There can be only one, in the end. The rest, like the cobra used in ritual suicide by ancient Egyptian pharaohs, become nothing more than a serpentine sacrifice. The tangled martyrs of the frenzy.
The bog is a place of contradictions: it distorts and transforms that which enters its depths, yet also preserves it. While the bodies remain largely intact, they emerge from the bogs somewhat distorted—their skins shriveled and tanned.
The engravings are done by scratching the rock, then applying color in order to make silhouettes of moving images, flashing riders on animals we call camels, or dromedaries.
Beneath the lake, we slowly realize a psychic register stranger even than that of “the cellar.”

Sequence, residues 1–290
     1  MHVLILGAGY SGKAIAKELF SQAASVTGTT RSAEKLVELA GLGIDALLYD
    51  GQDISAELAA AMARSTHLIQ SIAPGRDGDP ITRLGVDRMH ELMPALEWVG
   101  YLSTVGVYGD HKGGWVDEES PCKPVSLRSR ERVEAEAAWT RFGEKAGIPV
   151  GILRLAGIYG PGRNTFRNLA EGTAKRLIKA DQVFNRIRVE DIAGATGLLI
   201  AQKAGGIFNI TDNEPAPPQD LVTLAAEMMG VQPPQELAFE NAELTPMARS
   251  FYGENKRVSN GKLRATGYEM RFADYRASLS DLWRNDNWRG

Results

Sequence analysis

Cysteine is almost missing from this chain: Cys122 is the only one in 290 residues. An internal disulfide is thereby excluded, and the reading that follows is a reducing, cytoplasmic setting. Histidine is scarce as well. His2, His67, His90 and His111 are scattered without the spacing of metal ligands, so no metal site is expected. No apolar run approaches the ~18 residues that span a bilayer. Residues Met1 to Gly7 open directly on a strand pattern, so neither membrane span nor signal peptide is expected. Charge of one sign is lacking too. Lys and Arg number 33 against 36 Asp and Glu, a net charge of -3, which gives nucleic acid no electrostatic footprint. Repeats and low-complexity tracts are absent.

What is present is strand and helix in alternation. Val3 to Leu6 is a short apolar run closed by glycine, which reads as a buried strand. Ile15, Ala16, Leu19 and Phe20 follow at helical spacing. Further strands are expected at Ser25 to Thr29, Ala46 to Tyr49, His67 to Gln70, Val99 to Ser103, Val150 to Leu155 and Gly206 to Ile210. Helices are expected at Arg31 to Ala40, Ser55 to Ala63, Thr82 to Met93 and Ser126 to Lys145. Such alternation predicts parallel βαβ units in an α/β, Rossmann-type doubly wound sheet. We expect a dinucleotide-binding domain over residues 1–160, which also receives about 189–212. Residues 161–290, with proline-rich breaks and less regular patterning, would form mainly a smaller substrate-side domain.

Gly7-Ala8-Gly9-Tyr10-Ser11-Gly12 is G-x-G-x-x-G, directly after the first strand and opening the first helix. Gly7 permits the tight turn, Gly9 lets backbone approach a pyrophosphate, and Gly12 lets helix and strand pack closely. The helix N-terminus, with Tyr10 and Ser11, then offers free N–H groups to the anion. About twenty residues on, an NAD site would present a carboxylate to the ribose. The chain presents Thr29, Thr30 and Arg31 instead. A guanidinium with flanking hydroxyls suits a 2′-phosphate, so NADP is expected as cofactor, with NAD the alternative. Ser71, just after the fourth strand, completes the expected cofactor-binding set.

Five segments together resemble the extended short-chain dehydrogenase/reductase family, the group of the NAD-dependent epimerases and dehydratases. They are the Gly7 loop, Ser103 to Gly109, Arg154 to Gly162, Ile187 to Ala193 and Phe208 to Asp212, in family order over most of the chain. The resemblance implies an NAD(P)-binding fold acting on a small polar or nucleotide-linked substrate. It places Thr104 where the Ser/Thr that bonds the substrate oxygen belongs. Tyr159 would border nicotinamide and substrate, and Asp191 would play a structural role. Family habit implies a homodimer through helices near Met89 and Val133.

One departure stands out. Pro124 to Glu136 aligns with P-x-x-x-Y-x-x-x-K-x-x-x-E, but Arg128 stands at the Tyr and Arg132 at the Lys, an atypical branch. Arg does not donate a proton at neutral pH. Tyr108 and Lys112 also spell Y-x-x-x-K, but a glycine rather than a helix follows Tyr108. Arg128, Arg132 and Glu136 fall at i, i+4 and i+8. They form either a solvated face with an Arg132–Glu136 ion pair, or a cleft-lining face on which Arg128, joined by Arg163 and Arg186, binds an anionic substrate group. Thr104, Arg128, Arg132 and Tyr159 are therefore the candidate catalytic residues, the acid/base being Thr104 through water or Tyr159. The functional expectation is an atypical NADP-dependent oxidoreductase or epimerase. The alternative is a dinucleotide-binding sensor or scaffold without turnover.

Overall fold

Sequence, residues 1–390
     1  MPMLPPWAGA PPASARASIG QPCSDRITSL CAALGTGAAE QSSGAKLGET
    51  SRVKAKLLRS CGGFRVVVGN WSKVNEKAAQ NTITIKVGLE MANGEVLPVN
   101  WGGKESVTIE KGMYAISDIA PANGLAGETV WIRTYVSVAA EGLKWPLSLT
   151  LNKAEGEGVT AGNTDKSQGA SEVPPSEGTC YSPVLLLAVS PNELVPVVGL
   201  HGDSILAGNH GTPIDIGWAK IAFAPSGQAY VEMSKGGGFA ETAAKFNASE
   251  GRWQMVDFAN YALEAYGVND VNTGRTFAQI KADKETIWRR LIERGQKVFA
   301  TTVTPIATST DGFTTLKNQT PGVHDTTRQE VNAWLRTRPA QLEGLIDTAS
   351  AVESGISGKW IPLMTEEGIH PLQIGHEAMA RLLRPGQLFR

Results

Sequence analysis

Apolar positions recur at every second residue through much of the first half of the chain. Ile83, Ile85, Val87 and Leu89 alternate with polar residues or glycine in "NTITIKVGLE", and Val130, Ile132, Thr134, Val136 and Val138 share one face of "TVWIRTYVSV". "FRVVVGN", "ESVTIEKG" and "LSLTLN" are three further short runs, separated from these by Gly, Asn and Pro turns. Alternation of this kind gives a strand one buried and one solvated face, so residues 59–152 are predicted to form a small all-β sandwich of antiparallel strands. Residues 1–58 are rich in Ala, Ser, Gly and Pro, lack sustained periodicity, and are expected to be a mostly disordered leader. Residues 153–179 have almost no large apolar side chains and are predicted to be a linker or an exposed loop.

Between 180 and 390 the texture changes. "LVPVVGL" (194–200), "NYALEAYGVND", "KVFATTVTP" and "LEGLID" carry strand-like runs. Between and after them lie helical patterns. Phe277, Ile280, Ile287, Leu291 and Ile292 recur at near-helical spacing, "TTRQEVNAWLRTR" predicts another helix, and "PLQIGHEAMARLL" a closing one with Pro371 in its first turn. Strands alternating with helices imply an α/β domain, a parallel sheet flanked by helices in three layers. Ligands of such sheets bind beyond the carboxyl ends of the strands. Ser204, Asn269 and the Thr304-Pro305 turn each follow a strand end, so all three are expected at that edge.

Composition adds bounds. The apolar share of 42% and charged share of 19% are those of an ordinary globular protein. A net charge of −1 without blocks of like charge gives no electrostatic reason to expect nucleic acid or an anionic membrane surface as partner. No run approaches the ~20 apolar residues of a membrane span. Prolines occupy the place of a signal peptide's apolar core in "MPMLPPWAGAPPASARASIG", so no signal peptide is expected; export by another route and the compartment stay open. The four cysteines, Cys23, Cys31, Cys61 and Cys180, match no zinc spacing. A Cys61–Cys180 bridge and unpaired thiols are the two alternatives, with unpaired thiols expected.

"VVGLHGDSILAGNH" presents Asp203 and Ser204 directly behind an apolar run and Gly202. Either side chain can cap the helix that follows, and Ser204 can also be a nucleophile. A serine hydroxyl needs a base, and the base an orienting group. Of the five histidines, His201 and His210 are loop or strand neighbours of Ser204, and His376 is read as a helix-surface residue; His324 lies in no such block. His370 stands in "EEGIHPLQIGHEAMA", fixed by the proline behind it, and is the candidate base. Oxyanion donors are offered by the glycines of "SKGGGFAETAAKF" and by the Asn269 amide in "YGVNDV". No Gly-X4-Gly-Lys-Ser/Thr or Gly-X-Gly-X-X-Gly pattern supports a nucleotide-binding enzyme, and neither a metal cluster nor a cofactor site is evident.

“As if the sky were beneath the cyclist’s feet and the laws of gravity had fallen asleep,” one says.
The walls drip with angels and heavenly garlands, the columns twist and moan; rigid matter takes on the vitality of flesh, first becoming gilded, and then liquefying in intricate spasms.
This is why, in spite of their distance, the thought of being connected again haunts them. At night, they still ache over the fact that they are not one.